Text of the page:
Bomb kills 5 U.N. workers

Attack in Kandahar shows aid crews' risk

April 18, 2007|By Shafiq Ahmad Saidi and Laura King | Shafiq Ahmad Saidi and Laura King,LOS ANGELES TIMES

KABUL, AFGHANISTAN -- Insurgents yesterday blasted a U.N. convoy with a roadside bomb in the volatile southern city of Kandahar, killing five support workers and stirring fears that violence will further erode struggling aid efforts across Afghanistan.

It was the deadliest attack aimed at U.N. staff in the country since the fall of the Taliban in late 2001, world body officials said.

Meanwhile, militants for the third straight day targeted Afghan security forces, with dozens of Taliban fighters staging a series of coordinated strikes on police posts less than 50 miles from the Afghan capital. Details of the fighting were sketchy, but up to 10 insurgents were reported killed, and several police officers wounded.

Killed in the Kandahar explosion were four Nepalese contract workers and an Afghan driver working with the U.N.'s Office of Project Services, a logistics and support agency.

The bomb, apparently detonated by remote control, went off as the four-vehicle convoy was making its way through the city, a former Taliban stronghold that is considered extremely dangerous despite the presence of thousands of coalition troops at an airbase just outside Kandahar.

The powerful explosion charred the gray sport utility vehicle, blowing off its doors and leaving a large, smoking crater in the road.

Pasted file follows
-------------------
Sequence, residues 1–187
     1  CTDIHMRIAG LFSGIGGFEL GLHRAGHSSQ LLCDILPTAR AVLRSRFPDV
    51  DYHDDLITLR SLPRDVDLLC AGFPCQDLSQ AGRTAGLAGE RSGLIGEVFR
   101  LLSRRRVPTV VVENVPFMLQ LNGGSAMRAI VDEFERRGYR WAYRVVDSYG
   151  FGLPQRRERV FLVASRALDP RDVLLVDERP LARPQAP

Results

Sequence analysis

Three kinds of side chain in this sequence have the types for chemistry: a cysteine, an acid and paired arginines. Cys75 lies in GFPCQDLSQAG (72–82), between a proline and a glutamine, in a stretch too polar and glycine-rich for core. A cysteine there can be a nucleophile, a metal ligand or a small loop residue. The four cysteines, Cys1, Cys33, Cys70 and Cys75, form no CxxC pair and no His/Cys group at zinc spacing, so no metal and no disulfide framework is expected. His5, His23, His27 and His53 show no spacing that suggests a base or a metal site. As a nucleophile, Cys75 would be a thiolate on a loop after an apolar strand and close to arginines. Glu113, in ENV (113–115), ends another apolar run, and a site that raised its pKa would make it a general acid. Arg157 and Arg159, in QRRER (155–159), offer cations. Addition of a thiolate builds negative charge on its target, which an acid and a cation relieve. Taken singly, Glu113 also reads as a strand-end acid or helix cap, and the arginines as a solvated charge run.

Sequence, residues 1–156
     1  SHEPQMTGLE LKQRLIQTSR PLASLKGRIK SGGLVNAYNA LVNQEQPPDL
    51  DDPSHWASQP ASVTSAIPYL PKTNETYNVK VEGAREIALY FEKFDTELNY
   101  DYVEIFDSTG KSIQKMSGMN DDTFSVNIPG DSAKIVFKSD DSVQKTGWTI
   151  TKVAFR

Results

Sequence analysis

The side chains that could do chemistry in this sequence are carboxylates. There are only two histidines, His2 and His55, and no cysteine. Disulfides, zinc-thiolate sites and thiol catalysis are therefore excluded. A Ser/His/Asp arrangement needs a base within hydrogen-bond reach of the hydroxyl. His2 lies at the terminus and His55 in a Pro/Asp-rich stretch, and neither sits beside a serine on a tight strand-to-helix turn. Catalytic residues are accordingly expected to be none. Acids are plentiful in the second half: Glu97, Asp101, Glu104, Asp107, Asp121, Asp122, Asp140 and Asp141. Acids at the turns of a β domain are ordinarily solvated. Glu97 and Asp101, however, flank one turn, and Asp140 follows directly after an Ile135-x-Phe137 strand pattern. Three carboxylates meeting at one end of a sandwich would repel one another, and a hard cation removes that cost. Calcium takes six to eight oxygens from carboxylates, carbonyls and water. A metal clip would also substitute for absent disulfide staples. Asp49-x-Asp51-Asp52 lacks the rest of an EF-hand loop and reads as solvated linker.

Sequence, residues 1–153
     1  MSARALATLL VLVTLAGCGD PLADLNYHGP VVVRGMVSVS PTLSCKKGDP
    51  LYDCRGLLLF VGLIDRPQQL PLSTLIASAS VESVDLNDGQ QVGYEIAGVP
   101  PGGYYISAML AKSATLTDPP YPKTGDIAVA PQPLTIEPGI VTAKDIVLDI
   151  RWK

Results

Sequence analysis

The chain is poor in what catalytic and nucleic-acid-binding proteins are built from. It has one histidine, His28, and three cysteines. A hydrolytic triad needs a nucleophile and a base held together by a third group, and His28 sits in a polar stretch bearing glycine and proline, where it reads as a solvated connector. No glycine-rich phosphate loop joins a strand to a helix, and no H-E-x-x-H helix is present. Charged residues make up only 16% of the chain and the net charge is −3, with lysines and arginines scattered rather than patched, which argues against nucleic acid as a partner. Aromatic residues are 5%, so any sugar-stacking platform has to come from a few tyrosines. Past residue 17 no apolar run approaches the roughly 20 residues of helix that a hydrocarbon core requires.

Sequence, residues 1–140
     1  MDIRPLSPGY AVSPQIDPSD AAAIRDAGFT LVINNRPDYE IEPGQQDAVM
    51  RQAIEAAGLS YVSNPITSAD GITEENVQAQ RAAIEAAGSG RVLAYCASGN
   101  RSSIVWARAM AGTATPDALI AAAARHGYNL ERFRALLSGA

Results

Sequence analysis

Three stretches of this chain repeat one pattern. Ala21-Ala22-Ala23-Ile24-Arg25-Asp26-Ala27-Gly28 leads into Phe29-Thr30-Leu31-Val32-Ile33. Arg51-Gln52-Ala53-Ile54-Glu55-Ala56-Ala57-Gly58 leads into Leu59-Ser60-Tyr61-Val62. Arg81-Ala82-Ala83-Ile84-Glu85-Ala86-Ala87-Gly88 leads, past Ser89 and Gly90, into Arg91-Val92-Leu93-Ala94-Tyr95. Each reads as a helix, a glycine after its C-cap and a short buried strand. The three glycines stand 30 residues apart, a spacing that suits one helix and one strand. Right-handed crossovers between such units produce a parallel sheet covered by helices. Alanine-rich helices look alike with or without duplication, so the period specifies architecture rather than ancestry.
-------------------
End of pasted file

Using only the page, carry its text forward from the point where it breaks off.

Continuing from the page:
"The insecurity in Afghanistan does make the job we have much more difficult," Adrian Edwards, the chief U.N. spokesman in Afghanistan, said by telephone from Kabul. "Everything takes longer, and is that much harder."

Most U.N. staffers work out of heavily guarded compounds in the capital, Kabul, but staff from a dozen separate agencies carry out fieldwork in concert with local aid groups. But the lagging pace of development and rebuilding over the past five years has been a source of great disappointment to many Afghans and has hurt the standing of President Hamid Karzai's government.

The U.N. condemned the attack as a violation of international law and said it would pursue "full accountability" of those responsible. In New York, Secretary-General Ban Ki Moon condemned "such despicable acts of violence against civilians."

Officials at the world body declined to say how many staff members were riding in the convoy.

Shafiq Ahmad Saidi and Laura King write for the Los Angeles Times.

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